Can Action Complexity be Used to Measure the Effectiveness of an Educational Game?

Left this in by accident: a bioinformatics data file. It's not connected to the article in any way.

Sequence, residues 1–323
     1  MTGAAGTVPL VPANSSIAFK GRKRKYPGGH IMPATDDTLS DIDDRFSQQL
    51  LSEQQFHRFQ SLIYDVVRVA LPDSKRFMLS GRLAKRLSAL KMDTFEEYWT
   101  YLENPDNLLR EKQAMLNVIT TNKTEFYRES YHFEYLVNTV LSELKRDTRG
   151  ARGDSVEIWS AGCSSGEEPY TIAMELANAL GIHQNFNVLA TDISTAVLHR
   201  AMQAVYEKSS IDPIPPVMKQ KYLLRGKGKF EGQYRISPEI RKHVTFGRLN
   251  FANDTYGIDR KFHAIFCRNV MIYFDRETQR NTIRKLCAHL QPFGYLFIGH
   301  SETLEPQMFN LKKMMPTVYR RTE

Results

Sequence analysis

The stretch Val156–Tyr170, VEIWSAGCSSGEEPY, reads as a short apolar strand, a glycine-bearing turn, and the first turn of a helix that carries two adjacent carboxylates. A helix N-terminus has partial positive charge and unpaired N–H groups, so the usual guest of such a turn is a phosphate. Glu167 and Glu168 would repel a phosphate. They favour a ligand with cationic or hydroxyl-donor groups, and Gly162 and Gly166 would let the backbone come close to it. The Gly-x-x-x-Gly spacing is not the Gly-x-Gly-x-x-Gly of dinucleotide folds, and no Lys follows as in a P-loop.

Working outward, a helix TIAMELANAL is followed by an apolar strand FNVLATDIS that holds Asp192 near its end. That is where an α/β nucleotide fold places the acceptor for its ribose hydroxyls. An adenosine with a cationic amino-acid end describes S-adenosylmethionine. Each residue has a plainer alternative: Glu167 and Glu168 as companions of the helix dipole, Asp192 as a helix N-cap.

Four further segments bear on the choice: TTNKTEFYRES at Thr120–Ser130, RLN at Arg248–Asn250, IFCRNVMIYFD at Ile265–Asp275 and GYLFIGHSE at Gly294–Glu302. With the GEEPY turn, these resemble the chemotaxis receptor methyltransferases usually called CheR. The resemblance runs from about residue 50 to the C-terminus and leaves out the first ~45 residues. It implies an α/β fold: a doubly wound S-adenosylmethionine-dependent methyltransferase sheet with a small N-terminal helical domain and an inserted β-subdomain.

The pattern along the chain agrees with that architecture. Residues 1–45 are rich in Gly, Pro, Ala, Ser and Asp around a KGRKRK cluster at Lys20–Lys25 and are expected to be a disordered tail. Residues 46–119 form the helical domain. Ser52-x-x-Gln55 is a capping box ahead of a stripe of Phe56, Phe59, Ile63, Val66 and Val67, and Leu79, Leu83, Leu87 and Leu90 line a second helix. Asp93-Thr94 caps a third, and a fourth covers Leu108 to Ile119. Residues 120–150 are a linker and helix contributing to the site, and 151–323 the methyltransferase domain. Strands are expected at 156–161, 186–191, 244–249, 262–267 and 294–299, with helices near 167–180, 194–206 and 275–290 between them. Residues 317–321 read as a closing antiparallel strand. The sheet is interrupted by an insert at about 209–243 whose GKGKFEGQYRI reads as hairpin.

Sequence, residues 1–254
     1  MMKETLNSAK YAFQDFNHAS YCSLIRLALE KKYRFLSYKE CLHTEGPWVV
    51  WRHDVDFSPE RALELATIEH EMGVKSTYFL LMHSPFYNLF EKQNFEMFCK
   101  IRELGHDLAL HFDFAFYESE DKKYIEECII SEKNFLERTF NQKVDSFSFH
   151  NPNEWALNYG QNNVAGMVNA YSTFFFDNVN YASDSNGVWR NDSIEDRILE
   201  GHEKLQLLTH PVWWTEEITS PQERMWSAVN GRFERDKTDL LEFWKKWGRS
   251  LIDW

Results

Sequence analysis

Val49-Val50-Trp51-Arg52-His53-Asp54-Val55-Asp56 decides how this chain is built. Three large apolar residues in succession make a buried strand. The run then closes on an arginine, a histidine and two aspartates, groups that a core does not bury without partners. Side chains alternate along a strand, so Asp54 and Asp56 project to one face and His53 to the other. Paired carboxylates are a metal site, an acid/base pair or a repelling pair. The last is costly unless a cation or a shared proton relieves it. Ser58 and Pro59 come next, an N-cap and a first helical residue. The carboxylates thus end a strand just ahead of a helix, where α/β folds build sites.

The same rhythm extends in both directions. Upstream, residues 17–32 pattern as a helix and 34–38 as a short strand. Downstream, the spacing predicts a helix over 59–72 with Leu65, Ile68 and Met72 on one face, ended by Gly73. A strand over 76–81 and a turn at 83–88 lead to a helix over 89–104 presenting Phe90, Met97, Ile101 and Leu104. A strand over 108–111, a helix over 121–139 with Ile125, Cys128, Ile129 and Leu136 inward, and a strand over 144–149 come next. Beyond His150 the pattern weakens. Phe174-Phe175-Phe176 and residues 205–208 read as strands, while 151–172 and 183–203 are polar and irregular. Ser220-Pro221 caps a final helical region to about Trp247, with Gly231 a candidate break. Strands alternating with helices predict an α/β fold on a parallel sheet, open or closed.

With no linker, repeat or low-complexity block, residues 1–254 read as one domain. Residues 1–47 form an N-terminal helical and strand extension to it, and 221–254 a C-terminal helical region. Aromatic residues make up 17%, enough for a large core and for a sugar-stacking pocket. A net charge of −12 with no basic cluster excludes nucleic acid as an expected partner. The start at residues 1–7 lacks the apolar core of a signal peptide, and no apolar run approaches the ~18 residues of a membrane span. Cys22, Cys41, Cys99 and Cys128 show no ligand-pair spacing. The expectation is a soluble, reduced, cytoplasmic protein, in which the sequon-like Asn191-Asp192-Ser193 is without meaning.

AbstractWe distinguish between design complexity, which is an attribute of an exercise, and action complexity, which is the extent to which participants of an exercise act in a variety of ways. We propose that the action complexity of an exercise be measured by calculating the χ2 of the difference between the minimum-action and actual-action states of key decisions by the participants of the exercise. We suggest applications, and consider if action complexity might be used to measure the effectiveness of an educational game. We describe the design of our multinational business game, and find in a 235-undergraduate, one-semester administration of the game to two subpopulations that, as hypothesized, (a) the action complexity of participants’ nationality in the game corresponds with the participants’ personal performance scores at the midpoint and endpoint of the games’ duration, and (b) the same measure also corresponds with the relative personal performance scores of the two subpopulations. We conclude that action complexity may be a better measure of the effectiveness of an educational game than conventional surveys and test scores, and may also be better than the number of decisions per period, an established design complexity measure.
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